71  We conclude, in consideration of the case law, that the appropriate amount of punitive damages in this case is $210,000.  Comparing the amount of this award to the $69,738.49 amount of compensatory and potential damages results in a ratio of approximately 3:1, below the ratio we upheld in Trinity, and just below the constitutional "line" mentioned by the Supreme Court in BMW, 517 U.S. at 581, and Haslip, 499 U.S. at 23.  Because "[t]he precise award in any case, of course, must be based upon the facts and circumstances of the defendant's conduct and the harm to the plaintiff," Campbell, 538 U.S. at 425, we conclude that this amount effectively punishes First American's misconduct, while acknowledging that its conduct did not rise to level of egregiousness found in prior punitive damages cases.

V.      CONCLUSION

72  We conclude that the punitive damages award in this case was excessive and deprived First American of its right to due process.  We therefore reverse the court of appeals' decision and remand this case to the circuit court for entry of judgment against First American in the amount of $239,738.49.

By the Court.—The decision of the court of appeals is reversed, and the cause is remanded to the circuit court.

73  DAVID T. PROSSER, J., did not participate.

 


74  SHIRLEY S. ABRAHAMSON, C.J.   (dissenting).  The majority opinion reaches a shocking result:  It makes First American's wrongdoing an efficient way of doing business.  For all its reprehensible conduct, First American in fact pays less by acting in bad faith and wrongfully refusing to pay the Kimbles' claim than it would have paid had it honored the claim in good faith after discovering its error.  Under the majority opinion, the combined punitive and compensatory damages amount to $239,738.49——a sum smaller than the title insurance policy limit of $370,000.  This result directly contravenes the entire purpose of punitive damages——making wrongdoers pay and deterring future wrongful conduct.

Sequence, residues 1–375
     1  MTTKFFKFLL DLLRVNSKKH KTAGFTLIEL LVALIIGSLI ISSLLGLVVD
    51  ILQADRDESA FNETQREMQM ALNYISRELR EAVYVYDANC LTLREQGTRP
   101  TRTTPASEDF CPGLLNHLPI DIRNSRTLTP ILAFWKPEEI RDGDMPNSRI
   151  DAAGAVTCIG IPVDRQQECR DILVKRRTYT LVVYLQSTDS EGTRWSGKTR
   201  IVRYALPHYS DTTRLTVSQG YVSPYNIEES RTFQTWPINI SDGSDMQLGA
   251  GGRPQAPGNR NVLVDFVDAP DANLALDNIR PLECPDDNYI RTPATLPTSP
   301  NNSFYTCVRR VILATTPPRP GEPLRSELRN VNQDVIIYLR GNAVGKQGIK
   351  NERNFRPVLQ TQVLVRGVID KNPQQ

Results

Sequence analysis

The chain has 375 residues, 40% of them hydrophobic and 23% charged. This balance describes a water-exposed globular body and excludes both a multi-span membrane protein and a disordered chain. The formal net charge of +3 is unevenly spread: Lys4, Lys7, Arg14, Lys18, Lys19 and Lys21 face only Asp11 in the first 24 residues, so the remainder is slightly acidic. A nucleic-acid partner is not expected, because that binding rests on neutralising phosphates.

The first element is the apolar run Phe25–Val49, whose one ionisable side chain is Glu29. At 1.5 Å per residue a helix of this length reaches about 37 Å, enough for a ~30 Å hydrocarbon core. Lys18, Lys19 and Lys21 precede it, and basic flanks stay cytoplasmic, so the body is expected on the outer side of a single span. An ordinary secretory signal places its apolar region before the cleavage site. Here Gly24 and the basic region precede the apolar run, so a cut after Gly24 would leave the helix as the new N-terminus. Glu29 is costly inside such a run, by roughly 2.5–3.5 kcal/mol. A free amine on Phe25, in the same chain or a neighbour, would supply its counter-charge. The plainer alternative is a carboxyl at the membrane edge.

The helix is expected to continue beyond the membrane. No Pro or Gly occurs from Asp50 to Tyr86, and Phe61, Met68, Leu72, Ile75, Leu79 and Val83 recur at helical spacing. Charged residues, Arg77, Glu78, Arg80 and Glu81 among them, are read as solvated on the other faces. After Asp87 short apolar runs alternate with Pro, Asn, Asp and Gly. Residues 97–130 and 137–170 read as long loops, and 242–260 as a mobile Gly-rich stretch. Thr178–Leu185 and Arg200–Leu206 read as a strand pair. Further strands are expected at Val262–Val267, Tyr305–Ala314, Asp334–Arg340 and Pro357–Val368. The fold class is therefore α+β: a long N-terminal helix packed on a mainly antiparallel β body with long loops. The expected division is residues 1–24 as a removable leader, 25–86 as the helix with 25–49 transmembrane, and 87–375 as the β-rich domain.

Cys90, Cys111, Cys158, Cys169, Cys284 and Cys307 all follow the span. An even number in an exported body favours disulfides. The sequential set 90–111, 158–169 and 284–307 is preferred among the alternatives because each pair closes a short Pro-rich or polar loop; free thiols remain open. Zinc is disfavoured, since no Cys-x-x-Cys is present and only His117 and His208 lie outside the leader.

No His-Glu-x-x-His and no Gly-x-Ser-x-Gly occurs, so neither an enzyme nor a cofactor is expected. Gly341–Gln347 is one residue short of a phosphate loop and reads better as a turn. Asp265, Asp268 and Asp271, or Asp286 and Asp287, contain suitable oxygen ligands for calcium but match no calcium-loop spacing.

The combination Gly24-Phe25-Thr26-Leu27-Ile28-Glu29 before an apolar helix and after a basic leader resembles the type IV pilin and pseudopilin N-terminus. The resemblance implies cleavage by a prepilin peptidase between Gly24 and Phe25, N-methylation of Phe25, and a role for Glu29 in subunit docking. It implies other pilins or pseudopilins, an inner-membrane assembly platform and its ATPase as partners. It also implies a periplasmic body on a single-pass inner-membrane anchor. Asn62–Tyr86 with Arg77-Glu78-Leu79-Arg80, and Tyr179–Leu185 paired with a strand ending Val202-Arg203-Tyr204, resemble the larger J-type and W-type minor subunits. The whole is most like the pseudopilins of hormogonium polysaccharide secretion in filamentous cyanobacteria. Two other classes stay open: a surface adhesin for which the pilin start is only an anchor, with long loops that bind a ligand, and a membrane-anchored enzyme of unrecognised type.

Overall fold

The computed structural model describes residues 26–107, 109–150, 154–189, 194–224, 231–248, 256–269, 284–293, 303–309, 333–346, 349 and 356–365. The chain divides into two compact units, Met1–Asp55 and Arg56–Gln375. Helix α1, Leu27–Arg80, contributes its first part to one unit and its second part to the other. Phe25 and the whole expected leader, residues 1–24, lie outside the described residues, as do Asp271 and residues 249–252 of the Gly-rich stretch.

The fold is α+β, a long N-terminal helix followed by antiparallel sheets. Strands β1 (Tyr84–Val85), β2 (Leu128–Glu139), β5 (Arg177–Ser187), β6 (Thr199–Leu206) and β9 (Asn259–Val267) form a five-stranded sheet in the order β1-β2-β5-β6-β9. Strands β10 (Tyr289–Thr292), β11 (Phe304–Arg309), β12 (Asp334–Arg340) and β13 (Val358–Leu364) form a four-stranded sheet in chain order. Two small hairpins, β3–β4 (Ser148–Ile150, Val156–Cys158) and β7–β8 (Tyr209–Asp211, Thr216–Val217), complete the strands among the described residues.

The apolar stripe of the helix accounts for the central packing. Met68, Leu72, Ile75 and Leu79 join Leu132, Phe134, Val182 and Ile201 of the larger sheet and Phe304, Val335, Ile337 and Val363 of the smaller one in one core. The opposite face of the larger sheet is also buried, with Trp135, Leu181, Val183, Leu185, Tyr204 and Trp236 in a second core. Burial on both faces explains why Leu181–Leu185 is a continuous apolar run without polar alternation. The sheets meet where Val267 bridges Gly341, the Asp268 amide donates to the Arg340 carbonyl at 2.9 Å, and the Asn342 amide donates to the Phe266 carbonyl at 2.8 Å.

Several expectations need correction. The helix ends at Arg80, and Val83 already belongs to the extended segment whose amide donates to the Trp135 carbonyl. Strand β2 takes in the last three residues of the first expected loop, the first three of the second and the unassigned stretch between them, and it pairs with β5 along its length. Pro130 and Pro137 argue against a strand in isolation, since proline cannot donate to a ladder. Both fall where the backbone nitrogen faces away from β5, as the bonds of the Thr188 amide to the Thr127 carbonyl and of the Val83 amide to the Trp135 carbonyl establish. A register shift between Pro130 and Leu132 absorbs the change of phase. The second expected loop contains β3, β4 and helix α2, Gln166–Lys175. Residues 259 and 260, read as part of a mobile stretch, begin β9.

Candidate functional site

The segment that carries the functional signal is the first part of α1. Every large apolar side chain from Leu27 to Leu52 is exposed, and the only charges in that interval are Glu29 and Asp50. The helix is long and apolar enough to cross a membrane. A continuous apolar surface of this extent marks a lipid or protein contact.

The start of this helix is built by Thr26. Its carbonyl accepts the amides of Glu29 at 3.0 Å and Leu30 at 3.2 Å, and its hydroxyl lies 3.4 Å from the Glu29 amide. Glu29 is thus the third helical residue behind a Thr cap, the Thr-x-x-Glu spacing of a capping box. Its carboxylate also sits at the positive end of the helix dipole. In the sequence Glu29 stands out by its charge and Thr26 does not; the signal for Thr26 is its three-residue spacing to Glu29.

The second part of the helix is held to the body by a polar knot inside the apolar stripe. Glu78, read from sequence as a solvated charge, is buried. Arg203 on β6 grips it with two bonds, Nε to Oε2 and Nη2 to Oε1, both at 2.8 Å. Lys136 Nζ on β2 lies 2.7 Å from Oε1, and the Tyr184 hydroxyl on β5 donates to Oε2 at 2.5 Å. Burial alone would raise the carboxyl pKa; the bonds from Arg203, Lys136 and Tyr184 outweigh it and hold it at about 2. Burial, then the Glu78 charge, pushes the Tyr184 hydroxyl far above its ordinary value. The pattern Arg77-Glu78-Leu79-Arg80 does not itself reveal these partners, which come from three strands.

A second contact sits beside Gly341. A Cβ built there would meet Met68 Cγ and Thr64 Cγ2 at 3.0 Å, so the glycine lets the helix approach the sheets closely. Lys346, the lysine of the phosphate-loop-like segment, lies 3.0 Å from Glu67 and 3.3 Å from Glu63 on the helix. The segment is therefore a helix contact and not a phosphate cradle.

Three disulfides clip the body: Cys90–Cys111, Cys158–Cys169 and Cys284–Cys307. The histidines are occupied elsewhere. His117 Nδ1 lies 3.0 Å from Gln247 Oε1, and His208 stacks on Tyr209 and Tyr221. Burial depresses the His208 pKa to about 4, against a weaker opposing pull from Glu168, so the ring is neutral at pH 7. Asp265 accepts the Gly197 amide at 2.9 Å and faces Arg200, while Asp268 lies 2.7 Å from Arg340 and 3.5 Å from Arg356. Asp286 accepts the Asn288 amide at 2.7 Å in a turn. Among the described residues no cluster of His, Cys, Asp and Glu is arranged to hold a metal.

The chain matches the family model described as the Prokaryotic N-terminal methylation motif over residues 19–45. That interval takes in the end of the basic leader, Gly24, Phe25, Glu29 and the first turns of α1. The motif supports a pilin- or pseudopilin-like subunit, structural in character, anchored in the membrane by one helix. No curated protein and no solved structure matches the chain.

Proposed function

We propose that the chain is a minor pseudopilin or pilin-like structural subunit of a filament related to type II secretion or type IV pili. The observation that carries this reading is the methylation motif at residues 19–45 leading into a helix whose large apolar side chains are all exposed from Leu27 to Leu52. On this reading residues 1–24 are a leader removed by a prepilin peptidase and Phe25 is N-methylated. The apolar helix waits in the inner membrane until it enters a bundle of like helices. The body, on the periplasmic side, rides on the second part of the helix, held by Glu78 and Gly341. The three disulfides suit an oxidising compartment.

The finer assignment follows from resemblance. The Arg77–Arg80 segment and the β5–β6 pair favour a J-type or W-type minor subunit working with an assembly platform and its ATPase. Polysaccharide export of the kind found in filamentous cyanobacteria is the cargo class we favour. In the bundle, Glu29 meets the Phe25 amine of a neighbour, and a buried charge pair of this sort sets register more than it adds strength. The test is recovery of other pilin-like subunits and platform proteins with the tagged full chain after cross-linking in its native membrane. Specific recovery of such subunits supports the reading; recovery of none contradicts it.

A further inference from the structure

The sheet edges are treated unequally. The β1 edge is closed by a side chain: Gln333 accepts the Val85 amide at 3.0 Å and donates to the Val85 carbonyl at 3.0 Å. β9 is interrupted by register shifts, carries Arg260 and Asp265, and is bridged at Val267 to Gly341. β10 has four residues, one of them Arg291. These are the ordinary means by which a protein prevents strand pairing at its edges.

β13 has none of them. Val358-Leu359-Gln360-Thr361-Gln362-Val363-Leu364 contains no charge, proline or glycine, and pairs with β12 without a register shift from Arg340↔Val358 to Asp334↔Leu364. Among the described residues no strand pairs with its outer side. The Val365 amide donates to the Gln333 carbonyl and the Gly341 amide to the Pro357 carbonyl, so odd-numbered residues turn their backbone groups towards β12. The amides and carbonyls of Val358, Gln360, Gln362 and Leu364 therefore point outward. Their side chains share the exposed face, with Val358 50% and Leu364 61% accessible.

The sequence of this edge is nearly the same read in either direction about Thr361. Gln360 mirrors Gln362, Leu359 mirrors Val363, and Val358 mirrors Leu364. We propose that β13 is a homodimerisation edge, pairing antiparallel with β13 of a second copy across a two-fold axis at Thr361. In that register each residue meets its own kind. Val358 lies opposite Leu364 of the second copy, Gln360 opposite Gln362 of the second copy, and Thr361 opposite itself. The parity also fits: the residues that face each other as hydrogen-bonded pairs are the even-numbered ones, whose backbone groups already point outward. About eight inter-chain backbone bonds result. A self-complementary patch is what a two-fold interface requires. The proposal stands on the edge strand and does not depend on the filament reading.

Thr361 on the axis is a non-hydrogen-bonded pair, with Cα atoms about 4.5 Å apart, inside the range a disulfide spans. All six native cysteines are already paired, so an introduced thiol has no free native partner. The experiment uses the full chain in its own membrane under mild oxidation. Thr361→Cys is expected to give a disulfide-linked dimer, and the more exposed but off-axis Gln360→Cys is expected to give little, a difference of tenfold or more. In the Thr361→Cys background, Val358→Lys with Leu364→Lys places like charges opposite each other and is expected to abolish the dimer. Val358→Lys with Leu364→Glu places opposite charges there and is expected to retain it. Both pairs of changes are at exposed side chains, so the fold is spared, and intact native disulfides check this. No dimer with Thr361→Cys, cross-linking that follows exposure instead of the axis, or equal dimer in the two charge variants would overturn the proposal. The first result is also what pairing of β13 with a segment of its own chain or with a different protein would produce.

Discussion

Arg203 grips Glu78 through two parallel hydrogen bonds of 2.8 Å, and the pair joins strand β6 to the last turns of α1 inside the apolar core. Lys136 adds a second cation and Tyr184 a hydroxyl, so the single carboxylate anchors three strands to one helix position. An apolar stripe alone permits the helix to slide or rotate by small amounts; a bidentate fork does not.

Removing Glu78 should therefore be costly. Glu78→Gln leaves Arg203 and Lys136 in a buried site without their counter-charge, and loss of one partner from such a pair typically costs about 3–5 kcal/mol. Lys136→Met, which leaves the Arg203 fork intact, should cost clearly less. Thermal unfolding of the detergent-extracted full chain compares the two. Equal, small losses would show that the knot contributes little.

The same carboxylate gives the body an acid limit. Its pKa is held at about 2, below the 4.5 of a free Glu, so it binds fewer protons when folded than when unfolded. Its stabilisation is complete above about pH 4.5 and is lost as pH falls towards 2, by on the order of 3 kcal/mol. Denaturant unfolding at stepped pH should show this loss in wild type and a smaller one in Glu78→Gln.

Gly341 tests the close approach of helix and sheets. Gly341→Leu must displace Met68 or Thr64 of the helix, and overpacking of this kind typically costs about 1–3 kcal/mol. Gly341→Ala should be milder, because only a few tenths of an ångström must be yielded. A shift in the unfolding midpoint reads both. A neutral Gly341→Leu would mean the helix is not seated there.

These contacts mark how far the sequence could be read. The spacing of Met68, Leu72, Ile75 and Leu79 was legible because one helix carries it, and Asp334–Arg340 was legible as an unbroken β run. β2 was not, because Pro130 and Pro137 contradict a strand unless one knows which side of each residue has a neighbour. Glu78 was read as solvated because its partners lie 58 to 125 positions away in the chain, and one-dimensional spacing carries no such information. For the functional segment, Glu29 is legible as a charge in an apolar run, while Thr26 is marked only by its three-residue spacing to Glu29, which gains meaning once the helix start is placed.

75  Trinity Evangelical Lutheran Church & School-Freistadt v. Tower Insurance Co., 2003 WI 46, 261 Wis. 2d 333, 661 N.W.2d 789, is the leading case for determining whether punitive damages are unconstitutionally excessive as a violation of due process.  The majority opinion dutifully recites the Trinity factors.[27]  Yet the majority opinion jettisons Trinity, turning the test on its head in favor of the reasoning set forth in Trinity's dissent.